Honoring the first Tokugawa shogun of Japan–Tokugawa Ieyasu, an intriguing master of kenjutsu and military strategy who survived 90 battles during his long and tumultuous life, loved hawking, and habitually bit his nails–this sword is actually typical of many that personify the famed general. In small ways they may be historically accurate, but in this instance the power of the man completely overshadowed the details of the sword. Today there are many varieties of display katanas claiming to replicate his personal battle weapon.
This sword shares a feature common to many of these replica katanas, a tsuba or hand guard embossed with the portrait of Ieyasu and a stylized pictogram signifying a garden hut. Although he was a master of war, he aspired to peace and the fine arts of life.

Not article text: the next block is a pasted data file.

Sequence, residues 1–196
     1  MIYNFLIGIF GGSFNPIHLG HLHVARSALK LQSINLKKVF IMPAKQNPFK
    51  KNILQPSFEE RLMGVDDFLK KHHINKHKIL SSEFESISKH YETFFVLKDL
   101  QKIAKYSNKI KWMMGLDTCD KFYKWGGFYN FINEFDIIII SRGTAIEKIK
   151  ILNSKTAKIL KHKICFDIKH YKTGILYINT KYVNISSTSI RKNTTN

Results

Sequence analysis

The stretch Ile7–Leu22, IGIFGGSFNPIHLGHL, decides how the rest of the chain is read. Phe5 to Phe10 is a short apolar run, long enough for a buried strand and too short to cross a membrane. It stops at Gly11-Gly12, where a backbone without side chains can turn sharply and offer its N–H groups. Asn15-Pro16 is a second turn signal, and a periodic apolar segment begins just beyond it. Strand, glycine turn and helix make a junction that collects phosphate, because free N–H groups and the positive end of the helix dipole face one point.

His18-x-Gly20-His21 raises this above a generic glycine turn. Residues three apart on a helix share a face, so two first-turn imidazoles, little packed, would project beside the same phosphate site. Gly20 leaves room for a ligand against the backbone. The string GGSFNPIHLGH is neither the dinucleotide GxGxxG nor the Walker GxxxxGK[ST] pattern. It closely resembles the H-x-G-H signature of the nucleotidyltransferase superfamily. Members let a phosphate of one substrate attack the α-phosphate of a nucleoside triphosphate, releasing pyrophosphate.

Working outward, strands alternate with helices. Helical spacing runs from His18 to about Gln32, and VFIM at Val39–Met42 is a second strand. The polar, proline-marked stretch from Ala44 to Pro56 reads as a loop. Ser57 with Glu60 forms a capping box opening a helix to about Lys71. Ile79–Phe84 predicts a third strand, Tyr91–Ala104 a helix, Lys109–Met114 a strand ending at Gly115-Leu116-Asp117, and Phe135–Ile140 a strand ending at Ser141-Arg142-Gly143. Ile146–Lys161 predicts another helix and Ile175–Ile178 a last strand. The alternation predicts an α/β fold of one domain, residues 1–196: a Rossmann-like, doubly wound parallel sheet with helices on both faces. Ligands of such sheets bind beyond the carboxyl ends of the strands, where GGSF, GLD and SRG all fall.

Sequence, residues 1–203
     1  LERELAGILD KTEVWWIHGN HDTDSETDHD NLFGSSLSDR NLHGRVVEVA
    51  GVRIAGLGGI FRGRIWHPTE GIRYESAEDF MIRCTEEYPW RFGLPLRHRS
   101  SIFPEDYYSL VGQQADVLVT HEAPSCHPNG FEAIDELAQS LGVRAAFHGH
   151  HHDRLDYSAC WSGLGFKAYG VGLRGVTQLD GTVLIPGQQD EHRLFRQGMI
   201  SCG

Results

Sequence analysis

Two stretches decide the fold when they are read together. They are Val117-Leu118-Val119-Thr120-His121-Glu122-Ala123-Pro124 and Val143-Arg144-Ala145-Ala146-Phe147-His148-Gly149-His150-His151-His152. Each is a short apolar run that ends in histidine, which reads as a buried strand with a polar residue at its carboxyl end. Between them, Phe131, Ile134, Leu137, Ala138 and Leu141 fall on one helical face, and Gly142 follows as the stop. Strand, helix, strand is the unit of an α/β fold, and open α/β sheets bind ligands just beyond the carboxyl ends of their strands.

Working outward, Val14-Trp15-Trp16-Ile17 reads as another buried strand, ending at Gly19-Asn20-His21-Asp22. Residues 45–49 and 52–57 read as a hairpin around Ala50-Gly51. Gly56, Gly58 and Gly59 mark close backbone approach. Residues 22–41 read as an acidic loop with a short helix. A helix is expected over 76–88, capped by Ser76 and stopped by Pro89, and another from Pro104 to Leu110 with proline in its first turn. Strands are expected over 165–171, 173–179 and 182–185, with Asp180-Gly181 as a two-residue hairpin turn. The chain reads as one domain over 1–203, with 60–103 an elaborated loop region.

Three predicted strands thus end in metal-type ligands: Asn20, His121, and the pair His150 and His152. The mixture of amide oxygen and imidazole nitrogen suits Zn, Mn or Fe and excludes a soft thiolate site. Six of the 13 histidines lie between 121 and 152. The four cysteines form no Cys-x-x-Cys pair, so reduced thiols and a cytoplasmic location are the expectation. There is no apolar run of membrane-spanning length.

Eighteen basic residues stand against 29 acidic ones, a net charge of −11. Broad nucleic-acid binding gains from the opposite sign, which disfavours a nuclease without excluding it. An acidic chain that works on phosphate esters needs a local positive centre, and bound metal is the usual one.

This forty inch katana, a full tang sword with a tempered carbon steel cutting blade 27 1/2″ long, features a tsuba of cast metal and an etched Japanese inscription on the blade itself. The handle is wrapped with cord in a fish bone pattern, which gives the wielder of the blade a secure grip. The wooden scabbard is engraved with symbols of Ieyasu’s reign. A matching black wooden display stand comes with the sword for wall mounting.
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